May 21, 2002 -- When the PSA blood test hit doctors' offices years ago, we thought it would change the world of prostate cancer testing. But in the minds of many experts, it only created confusion. And researchers at a meeting of cancer specialists say many men are having the test too often.
The PSA (prostate specific antigen) blood test is widely used to check men for signs of prostate cancer. But there is a problem with this strategy. While cancer causes PSA levels to increase, PSA also goes up as the prostate enlarges with age -- a very common problem in elderly men. And even when the PSA increase is due to cancer, that cancer may not be aggressive and may never be life threatening.
A normal PSA level is less than 4 ng/mL, but levels above 4 are considered suspicious and require additional testing, such as CT scan and biopsy. These additional tests are expensive and may still not tell the whole picture. In some cases, this may lead to exploratory surgery -- only to find out that the man never had aggressive prostate cancer to begin with.
So, while many doctors recommend annual PSA testing, others are reluctant to do so given this confusion.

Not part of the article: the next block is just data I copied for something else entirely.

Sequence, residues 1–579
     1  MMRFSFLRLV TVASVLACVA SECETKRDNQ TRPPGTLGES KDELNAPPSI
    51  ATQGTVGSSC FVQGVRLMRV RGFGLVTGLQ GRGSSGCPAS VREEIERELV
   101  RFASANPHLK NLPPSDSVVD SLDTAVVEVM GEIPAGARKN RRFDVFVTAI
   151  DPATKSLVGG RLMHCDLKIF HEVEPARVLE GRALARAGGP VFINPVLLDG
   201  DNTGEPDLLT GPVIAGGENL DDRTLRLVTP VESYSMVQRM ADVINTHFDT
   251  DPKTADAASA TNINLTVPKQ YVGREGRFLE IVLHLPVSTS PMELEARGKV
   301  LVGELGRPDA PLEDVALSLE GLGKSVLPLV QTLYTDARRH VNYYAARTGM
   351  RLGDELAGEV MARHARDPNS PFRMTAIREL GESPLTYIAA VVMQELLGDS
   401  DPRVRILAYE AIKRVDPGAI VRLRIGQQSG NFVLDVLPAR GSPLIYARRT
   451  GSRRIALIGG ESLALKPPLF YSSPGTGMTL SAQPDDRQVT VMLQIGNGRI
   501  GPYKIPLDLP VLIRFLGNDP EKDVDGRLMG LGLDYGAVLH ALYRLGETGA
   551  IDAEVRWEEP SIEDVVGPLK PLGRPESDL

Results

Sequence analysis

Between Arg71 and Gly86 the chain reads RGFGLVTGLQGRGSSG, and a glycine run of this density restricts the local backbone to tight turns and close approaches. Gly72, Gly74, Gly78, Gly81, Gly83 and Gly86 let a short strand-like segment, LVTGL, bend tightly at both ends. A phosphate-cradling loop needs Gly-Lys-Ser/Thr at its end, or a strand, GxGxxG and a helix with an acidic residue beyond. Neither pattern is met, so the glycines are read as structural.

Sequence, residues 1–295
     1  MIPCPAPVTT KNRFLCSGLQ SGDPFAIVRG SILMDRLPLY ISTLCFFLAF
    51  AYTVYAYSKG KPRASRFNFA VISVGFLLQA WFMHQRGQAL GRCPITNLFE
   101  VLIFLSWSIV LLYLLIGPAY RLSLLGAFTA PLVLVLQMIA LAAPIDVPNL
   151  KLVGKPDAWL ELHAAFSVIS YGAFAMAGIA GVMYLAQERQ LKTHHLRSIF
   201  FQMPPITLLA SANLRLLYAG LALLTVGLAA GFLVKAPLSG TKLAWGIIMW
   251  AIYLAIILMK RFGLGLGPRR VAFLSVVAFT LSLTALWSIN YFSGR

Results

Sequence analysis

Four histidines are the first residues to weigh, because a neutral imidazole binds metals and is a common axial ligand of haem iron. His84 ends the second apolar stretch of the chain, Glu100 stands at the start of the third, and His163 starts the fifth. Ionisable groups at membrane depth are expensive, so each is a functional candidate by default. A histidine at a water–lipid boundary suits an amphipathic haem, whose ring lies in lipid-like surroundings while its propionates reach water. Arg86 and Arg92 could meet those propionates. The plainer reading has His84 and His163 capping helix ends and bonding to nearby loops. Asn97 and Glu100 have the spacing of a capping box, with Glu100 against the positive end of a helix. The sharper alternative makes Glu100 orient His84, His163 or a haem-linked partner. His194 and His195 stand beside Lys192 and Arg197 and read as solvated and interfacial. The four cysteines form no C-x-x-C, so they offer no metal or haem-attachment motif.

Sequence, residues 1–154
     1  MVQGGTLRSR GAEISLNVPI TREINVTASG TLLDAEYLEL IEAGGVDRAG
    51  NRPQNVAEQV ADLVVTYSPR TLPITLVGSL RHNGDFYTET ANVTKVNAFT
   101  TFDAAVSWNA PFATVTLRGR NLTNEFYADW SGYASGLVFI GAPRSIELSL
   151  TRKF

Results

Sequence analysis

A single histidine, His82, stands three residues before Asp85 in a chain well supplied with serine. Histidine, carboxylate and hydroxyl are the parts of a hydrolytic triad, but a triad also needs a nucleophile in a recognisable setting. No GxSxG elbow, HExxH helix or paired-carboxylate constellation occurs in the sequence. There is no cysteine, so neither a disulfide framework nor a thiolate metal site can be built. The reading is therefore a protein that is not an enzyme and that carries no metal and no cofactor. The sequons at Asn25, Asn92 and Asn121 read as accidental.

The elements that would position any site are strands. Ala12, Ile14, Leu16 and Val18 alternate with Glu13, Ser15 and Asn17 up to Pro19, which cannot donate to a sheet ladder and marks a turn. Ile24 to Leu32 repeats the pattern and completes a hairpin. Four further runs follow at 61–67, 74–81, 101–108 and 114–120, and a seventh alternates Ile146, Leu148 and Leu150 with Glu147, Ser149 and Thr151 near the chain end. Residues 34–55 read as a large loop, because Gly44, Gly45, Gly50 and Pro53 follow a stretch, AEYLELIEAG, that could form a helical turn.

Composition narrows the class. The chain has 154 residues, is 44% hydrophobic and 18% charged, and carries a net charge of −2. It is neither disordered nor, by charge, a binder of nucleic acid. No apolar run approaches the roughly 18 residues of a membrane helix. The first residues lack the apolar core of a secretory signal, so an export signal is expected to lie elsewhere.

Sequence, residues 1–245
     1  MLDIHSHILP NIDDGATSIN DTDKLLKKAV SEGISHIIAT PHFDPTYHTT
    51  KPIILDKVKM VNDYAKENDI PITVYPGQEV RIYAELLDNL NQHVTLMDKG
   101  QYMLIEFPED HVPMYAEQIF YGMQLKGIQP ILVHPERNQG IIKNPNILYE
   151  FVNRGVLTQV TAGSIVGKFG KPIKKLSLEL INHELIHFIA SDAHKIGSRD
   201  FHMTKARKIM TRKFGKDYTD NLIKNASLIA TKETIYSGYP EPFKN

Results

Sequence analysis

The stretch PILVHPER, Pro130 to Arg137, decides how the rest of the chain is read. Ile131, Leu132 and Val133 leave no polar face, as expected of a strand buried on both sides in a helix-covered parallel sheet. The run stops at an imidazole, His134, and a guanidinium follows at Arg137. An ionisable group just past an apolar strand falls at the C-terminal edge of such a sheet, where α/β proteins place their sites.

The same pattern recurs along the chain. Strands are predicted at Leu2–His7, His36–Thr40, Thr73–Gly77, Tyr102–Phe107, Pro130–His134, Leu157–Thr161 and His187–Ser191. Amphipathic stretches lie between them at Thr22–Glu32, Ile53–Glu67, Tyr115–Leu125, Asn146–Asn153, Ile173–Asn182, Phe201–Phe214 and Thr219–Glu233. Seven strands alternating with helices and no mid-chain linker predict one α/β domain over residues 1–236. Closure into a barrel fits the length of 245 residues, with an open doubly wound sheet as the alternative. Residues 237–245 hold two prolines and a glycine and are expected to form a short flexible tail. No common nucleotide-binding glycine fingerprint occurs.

E. David Crawford, MD, associate director at the University of Colorado Health Sciences Center, Denver, says results of a new study can help sort out this dilemma.
In a study of more than 27,800 men who underwent PSA testing annually for five years, Crawford discovered a pattern in the tests that suggests only about half of men over age 55 need annual PSA testing. He reported the findings at the American Society of Clinical Oncology meeting.
"We found that the vast majority of men whose initial PSA levels are very low do not need to worry that they will skyrocket within one year," says Crawford. The men in the study were all aged 55 to 74.
When a man has a PSA of less than 1 ng/mL, it is so unlikely that his PSA will increase quickly that he can wait five years for another test, says Crawford. If the level is between 1 and 2 ng/mL, the man is safe having his PSA checked every two years.
Men with PSA levels above 2 should probably stick to a yearly test schedule, says Crawford.
"If all men followed this practice about $500 million to $1 billion could be saved annually," he says.
"These findings get away from a larger question of whether PSA screening tests should be done at all. Screening can be harmful," says Steven Woolf, MD, professor of family practice, preventive medicine and community health, at Virginia Commonwealth University, Fairfax.
He says that screening often causes as many problems as it solves. Unnecessary screening often leads to unnecessary biopsies and prostate surgery for cancers that likely would have caused no disease in the man's lifetime, Woolf says.
While Woolf applauded Crawford's study, he says it is not enough. He says doctors are waiting for well-designed studies to determine how PSA screening can best benefit men.
"We are not good at telling which of these early detected prostate cancers will go on to become invasive cancers," he says. -->